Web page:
Mrs Morgan, the class's teacher, pinned numbers onto the backs of three children. Use the information to find out what the three numbers were.
Use your logical-thinking skills to deduce how much Dan's crisps and ice-cream cost altogether.
I was looking at the number plate of a car parked outside. Using my special code S208VBJ adds to 65. Can you crack my code and use it to find out what both of these number plates add up to?
This is an adding game for two players.
These two group activities use mathematical reasoning - one is numerical, one geometric.
Investigate what happens when you add house numbers along a street in different ways.
The Scot, John Napier, invented these strips about 400 years ago to help calculate multiplication and division. Can you work out how to use Napier's bones to find the answer to these multiplications?
Here are the prices for 1st and 2nd class mail within the UK. You have an unlimited number of each of these stamps. Which stamps would you need to post a parcel weighing 825g?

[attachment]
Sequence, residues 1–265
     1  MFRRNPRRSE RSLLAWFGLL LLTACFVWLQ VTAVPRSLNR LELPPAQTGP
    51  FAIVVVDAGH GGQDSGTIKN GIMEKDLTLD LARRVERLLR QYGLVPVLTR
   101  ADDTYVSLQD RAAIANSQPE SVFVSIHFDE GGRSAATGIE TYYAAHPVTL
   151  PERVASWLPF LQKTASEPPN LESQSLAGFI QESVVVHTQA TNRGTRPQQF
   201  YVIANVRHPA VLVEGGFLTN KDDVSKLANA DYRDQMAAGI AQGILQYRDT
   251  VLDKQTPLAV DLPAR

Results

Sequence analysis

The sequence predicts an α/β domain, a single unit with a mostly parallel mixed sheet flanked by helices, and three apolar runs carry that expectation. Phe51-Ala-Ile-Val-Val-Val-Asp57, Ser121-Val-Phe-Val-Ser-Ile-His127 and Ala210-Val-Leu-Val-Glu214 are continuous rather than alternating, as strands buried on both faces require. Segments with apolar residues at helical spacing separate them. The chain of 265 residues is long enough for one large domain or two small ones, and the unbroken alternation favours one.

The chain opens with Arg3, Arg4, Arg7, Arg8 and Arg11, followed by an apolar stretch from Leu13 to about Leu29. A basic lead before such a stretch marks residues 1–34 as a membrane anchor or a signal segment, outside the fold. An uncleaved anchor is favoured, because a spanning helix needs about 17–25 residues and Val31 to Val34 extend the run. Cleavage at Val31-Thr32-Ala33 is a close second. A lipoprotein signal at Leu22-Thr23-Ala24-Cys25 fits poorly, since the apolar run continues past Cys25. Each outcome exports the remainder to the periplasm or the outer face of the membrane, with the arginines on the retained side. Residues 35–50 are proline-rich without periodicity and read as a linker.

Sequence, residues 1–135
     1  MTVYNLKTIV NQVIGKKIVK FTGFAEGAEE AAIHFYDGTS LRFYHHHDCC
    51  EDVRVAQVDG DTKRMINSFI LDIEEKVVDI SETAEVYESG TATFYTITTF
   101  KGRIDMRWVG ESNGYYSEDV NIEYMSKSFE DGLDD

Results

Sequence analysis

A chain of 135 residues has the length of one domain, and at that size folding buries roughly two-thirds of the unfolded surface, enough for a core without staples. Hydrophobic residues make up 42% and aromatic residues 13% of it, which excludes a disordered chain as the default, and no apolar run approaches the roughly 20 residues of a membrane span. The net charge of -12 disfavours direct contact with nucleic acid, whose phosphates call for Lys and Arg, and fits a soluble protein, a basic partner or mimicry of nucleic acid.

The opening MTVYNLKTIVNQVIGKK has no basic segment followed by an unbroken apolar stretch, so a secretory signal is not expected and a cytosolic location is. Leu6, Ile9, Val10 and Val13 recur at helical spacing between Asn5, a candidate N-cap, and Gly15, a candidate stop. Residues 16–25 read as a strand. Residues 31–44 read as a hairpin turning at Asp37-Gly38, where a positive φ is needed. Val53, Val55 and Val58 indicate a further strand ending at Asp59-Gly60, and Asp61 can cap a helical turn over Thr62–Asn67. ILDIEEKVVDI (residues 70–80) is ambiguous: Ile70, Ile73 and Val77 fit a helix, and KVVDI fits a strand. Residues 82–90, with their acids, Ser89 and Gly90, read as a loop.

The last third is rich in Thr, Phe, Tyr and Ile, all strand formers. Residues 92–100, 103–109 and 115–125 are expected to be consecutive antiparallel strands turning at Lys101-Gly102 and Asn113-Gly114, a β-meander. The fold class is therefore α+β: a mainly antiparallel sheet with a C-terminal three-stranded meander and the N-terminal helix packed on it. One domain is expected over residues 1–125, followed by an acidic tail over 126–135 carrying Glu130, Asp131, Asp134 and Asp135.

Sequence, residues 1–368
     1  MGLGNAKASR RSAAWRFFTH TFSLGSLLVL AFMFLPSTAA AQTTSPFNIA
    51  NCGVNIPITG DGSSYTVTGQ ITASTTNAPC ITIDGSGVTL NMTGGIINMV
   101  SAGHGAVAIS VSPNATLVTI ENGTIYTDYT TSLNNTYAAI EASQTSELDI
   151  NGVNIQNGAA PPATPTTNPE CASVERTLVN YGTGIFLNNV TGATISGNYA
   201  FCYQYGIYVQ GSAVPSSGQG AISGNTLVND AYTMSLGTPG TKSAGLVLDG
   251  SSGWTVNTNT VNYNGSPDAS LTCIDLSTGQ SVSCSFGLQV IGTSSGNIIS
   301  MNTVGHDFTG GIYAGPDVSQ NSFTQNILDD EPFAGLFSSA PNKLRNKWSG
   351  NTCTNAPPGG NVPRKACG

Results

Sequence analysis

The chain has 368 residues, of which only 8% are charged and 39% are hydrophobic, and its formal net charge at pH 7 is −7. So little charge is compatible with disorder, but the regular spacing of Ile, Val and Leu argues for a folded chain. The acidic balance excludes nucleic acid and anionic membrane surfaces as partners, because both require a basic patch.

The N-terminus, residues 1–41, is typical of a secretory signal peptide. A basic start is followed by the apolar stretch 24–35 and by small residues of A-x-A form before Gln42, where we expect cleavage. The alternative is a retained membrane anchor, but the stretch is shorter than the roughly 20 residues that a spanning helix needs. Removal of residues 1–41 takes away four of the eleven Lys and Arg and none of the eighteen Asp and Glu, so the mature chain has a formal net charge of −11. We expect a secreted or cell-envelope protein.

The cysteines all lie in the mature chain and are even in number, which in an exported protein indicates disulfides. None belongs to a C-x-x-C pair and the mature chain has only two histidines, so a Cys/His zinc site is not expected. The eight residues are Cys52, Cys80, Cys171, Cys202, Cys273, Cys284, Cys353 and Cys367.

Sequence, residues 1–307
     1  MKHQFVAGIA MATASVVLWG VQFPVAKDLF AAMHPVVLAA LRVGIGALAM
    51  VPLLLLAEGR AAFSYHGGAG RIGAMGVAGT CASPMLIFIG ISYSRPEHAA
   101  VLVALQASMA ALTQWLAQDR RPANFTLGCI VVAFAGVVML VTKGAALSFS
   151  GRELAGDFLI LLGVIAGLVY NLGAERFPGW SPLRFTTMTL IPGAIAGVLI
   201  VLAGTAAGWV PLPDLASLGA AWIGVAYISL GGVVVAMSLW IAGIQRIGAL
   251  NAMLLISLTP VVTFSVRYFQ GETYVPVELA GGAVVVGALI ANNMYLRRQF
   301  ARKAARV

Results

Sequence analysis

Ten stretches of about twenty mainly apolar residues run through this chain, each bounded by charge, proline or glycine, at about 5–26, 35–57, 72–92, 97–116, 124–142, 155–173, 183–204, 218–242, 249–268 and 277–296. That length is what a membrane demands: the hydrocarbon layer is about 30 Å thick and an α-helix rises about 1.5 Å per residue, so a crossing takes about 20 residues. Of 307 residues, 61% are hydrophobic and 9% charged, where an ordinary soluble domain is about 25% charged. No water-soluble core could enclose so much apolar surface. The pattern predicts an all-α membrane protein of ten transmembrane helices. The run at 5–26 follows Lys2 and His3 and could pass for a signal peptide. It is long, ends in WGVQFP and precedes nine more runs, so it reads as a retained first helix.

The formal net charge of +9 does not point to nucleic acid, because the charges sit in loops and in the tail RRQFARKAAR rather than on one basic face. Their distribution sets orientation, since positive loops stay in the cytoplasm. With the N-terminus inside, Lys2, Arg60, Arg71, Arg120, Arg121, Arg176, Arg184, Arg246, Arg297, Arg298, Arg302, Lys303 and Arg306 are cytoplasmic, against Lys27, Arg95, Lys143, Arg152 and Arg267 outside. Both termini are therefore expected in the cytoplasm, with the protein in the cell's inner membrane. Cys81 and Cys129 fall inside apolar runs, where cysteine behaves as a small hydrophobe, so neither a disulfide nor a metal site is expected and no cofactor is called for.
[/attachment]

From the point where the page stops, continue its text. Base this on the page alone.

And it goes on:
I throw three dice and get 5, 3 and 2. Add the scores on the three dice. What do you get? Now multiply the scores. What do you notice?
This problem is based on the story of the Pied Piper of Hamelin. Investigate the different numbers of people and rats there could have been if you know how many legs there are altogether!
Can you substitute numbers for the letters in these sums?
The clockmaker's wife cut up his birthday cake to look like a clock face. Can you work out who received each piece?
This task, written for the National Young Mathematicians' Award 2016, focuses on 'open squares'. What would the next five open squares look like?
A game for 2 players. Practises subtraction or other maths operations knowledge.